Depending on your service, writing data may be even more powerful than receiving updates to data that changes. Any time you open up the ability to change or add data, you’ll absolutely want to have authenticated a user. Also, very likely, the data that is being altered belongs to the user, so it makes even more sense to log them in.

Your API endpoints should expect data in a POST over HTTPS with a single JSON encoded object as the payload. For updating data, it’s reasonable to use PUT or PATCH verbs instead of POST. Technically, POST is for new data, PUT is to update an existing record, and PATCH is to update a subset of an existing record. These nuances can be incredibly useful, but can add some complexity for the integrator. At Zapier we’ll forgive you for simply using POST.

When you run into data validation errors, you’ll want to communicate them back to the client in both machine- and human-readable formats. Return the most appropriate HTTP 400-level status code with an error message in the JSON body, such as:

{ "error": "The name cannot be more than 100 characters" }

When new data is successfully created, return a JSON formatted response with the ID of the new record, like { "id" : 314 }. Some REST frameworks return HTTP 201 on successful writes with a Location header for the URL of the new record. That’s fine, though Zapier requires these cases to use Scripting to generate a body with the ID.

You’ll want to require that same ID when updating existing data. Make it clear how the record can be uniquely identified. If you have multiple types of IDs, name them all (user_id, order_id, etc). It’s fine to have non-numeric unique fields, such as order number, e-mail address, or phone number–just be clear what field you expect when updating data.

Finally, it’s important to allow developers to make atomic updates, rather than having to load and save the entire record to make an update. You can achieve this through HTTP PATCH mentioned earlier. Be sure to check out JSON Patch if you intend to fully implement this feature.

Searching for Data in Your Service

A search is a specialized way of reading data. Rather than looking for the latest data, you’re usually trying to filter to specific data. One of the most useful types of search is really a lookup–you want to find a specific record based on a unique identifier.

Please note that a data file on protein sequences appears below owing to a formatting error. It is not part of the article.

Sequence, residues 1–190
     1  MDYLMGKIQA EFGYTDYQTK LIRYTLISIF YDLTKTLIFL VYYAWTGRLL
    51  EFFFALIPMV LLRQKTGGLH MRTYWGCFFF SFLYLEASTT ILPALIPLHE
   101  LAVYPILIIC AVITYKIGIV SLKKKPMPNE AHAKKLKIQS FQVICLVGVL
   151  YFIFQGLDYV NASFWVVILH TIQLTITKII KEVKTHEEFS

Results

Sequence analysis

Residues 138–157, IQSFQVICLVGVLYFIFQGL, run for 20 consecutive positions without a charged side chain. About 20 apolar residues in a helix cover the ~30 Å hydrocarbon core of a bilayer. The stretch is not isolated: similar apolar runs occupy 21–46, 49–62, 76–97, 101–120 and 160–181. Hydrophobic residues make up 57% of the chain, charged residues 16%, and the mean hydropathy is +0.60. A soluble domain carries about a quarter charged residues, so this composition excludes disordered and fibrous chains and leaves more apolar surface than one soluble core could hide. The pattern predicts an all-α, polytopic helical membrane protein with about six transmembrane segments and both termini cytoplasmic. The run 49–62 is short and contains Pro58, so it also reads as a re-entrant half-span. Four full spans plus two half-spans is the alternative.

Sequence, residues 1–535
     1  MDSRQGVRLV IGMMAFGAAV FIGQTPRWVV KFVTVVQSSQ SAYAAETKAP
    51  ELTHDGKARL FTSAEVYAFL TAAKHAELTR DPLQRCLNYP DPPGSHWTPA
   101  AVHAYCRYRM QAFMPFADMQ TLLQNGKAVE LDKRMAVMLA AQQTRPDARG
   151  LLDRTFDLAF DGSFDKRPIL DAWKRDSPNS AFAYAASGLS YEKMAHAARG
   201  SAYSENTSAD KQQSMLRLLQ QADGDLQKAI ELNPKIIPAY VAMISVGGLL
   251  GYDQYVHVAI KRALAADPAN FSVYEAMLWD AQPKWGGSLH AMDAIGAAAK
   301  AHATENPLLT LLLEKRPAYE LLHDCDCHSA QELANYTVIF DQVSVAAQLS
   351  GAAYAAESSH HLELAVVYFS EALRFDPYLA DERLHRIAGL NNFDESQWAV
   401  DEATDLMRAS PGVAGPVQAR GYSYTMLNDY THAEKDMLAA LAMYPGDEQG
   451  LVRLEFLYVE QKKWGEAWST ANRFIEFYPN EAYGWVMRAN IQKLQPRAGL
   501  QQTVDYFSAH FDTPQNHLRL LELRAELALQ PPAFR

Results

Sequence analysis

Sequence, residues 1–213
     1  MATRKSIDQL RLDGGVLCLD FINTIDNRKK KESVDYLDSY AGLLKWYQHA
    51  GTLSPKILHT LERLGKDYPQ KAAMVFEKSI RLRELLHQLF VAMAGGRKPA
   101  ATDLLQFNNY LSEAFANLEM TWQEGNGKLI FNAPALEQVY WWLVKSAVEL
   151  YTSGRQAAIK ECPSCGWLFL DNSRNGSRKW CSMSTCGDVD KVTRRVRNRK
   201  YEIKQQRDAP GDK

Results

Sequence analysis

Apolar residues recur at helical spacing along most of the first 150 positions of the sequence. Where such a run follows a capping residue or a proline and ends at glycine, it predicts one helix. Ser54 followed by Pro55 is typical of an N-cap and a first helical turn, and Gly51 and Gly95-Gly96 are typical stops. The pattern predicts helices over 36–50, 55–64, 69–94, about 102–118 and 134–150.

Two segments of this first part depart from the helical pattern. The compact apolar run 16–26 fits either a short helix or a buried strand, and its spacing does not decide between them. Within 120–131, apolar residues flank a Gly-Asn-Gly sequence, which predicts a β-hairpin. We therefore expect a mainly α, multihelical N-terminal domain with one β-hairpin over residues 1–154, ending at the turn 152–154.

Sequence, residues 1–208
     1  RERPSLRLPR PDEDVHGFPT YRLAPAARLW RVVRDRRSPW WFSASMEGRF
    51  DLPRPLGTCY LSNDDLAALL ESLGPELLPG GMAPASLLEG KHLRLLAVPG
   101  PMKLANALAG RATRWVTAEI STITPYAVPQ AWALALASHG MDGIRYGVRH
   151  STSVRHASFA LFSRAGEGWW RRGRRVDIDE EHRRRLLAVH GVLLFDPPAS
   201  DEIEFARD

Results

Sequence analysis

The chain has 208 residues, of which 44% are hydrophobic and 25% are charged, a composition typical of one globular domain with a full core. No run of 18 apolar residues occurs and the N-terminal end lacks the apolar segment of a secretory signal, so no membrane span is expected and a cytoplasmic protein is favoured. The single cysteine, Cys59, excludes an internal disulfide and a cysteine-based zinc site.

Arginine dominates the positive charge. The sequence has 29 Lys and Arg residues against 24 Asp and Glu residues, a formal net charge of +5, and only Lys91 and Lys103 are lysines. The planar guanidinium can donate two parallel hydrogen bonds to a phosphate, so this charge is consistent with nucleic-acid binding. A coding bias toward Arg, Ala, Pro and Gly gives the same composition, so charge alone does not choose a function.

Integrations will need this lookup to perform additional actions in your API. For example, if you use a numeric user_id, a developer may need to find the user by email address to connect another service’s record to your user. The best approach is to use the endpoints you provided for Polling, and have them accept a URL-encoded param string that contains the criteria to be found: ?name=foobar. If there are multiple matches, your service should return an array of IDs/objects that match, like [ { "id" : 314 }, { "id" : 628 } ]. If possible, the matches should be sorted with the “best match” first.

A powerful feature in the multi-step Zap editor is the ability to search for data. We provide the first result to the user, though eventually we may do something with the extra matches. Optionally, we allow “search and create” functionality, essentially creating a result if none are found. End users in Zapier perform these lookups to connect services together, but they’re useful for other integrations, as well.


Follow these suggestions to make your API integration-ready. What fits with Zapier will also simplify writing code directly against your API.

If you already have an API, you can use this post to gauge your integration-readiness. In fact, a great way to test an existing API is to try building it on the Zapier Developer Platform. Once published, your users will be able to integrate your API with 750+ other services.